Posted by & filed under Music.

Throughout this series I will explore what successful jazz artists (or artists typically tethered to the label) such as Esperanza Spalding, Trombone Shorty, Rebirth Brass Band, Medeski Martin and Wood, John Scofield, Snarky Puppy, Nicholas Payton, Roy Hargrove, Quincy Jones, Herbie Hancock, Wynton Marsalis, and others have in common as far as their success is concerned, and whether this can be reproduced in some manner…

As a younger musician I had a rather dark view on music and its place in our culture, and felt rather cynically that it was all but impossible for jazz musicians to enjoy any kind of significant financial success. My feelings have since changed, in large part because of my growing awareness of the success of various musicians including the aforementioned (and there are a number of others), but also because I now see no particular reason why success needs to have a particular cap placed on it. Granted, as a jazz musician myself and having spent countless hours hanging with all sorts of jazz musicians, it is an obvious given that success as a jazz musician is extremely difficult, I don’t think that anybody would dispute this, but I’m starting to believe that success is just a matter of figuring out the right approach.

Who am I and Why Should You Read My Blog Posts?

I’m nobody in particular. I cannot “walk the walk”, nor would I claim to be able to. However, I also think that there is no point in waiting around for somebody at the top of the jazz elite totem pole to share some sort of vision that will lead us all to some sort of promise land where there are far fewer starving musicians. We are all trying to solve the same sort of problems, I’m merely trying to stimulate some conversation. I’m hoping you will feel inclined to share your comments!

Should The Successes of the Aforementioned Musicians Be Reproduced?

Probably not, if by “reproduced” we mean “copied verbatim”. Most musicians seem to share a disinterest in some sort of manufactured, insincere facade designed to manipulate their image and the public’s perception of them. However, there are many ways an image and a career can be developed, and I find that it can be inspiring examining the different ways musicians have succeeded, interesting to look at what these musicians have in common, and what kind of demographics have latched on to their careers. Maybe the word “reproduce” should be replaced with “learn from”, but I happen to think that some manner of reproduction (possibly after having gone down a completely different path) is a possible outcome from this process.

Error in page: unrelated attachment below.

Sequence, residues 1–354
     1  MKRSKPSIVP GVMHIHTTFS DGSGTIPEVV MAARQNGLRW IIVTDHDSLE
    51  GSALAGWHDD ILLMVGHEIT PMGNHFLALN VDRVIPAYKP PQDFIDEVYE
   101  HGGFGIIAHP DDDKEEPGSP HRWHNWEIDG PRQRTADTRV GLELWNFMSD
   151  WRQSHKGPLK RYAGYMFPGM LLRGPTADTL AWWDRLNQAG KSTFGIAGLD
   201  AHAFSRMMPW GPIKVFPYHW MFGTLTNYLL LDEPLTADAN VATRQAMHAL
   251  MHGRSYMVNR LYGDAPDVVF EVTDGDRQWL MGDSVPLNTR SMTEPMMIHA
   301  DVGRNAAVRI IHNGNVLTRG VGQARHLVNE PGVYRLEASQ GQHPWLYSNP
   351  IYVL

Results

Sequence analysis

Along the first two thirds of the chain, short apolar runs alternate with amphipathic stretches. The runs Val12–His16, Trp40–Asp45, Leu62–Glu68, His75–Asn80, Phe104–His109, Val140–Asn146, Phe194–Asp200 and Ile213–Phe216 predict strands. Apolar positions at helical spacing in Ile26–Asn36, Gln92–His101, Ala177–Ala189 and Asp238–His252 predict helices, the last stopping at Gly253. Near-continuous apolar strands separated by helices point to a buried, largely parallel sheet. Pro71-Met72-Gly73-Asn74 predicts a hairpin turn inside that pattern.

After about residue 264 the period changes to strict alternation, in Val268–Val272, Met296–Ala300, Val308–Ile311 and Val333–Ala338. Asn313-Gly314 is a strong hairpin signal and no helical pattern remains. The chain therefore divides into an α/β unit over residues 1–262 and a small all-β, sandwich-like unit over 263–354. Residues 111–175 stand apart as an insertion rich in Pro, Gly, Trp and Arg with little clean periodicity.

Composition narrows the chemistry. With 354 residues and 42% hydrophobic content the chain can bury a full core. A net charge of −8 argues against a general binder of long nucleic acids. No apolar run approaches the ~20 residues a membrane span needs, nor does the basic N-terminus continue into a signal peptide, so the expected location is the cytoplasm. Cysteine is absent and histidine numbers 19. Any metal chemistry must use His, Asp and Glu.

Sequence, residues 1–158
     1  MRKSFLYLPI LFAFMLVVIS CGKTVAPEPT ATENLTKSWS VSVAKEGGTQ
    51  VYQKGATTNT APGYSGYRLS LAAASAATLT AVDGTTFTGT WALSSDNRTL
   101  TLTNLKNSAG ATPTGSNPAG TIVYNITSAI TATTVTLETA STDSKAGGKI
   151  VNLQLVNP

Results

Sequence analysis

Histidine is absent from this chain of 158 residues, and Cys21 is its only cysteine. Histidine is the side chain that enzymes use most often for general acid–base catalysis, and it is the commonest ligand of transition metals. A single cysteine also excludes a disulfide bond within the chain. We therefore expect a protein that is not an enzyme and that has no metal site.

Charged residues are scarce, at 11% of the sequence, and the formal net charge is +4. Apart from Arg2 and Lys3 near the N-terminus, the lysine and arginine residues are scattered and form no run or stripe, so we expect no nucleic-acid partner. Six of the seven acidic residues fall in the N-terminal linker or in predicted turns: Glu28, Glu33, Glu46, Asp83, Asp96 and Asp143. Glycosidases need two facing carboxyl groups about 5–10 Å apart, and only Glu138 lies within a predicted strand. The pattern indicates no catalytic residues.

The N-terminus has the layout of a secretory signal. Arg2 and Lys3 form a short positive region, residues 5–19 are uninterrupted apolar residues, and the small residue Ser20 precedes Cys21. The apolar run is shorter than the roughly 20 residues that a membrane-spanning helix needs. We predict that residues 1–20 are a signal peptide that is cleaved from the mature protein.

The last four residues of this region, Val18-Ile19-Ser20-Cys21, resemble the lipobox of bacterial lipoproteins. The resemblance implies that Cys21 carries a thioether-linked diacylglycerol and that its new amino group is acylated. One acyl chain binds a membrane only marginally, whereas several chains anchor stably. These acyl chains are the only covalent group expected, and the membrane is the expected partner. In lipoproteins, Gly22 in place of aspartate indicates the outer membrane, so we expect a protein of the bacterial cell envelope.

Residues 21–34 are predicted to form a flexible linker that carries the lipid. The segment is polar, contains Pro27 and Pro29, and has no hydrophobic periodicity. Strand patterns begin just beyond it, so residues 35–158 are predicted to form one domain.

Okay, So Why Do I Think That This Success Can Be Reproduced?

After all, those musicians I’ve listed are some pretty heavy names! What do they have that us mere mortals lack? Here are some possible answers and counter arguments:

  • Virtuosity/chops/musical knowledge/talent. I would imagine this would be the most common response to this question, but my argument would be that firstly, the general public doesn’t really care all that much about virtuosity (although some appreciate it when they hear it for the short time it holds their interest), but even more importantly than that, I would argue that in the case of Trombone Shorty’s music, just for example, he would still be successful with half the amount of chops that he has. Why? Because his music is ridiculously fun, he sells it ridiculously well, people seem to have fun at his shows, and frankly, many of it is not super brainy or a vehicle for his virtuosity anyway.
  • A willingness/interest for the musician to “sell themselves out”, or dumb their music down for their audiences. I used to think that this was a large part of financial success, but Esperenza Spalding’s music is pretty sophisticated, and look at the middle section of Herbie Hancock’s Chameleon… Those changes are pretty hip, yet while that part of the song may not be as popular as the main groove (that some high school bass player is playing as you are reading this), I’ve never heard of or seen people turn the song off when that section comes up – it seems to play just fine! Return to Forever seems to have a relatively big following too, and their music is clearly pretty complex. Sure, you are going to lose a sizable audience if your chord changes are only designed to impress the secret jazz cult society, obviously there needs to exist some sort of balance, but perhaps a musician doesn’t have to dumb their music down to titillating teenage pop fans levels to have a decent audience and make a semi-decent living?
  • These artists have/had appreciative audiences or came from some sort of environment that somehow appreciated them more and provided unique opportunities. Sure they have appreciative audiences, but these audiences are also pretty diverse, as is the musical range among the artists I have listed. Why couldn’t you cultivate your own appreciative audience? I would argue that the vast majority of music these days is fusion of some sort, as is our entire culture (food is good example of what I mean here). If you can get people past their preconceptions of what your music might be about before hearing it, why couldn’t you find some fusion of different kinds of music that taps into some sort of artery?

I obviously don’t buy any of these arguments for the reasons stated. In my subsequent blog posts I will share some of my thoughts on what might work as far as a foundation for musical success, starting with looking at the dreaded musical labels and their impact on public perception.

If any of these thoughts have stimulated any ideas of your own, please share them by commenting on any of these posts… I will be very interested in hearing from those who have somehow stumbled across these articles!

  • Jordon

    Very interesting! Looking forward to the upcoming articles!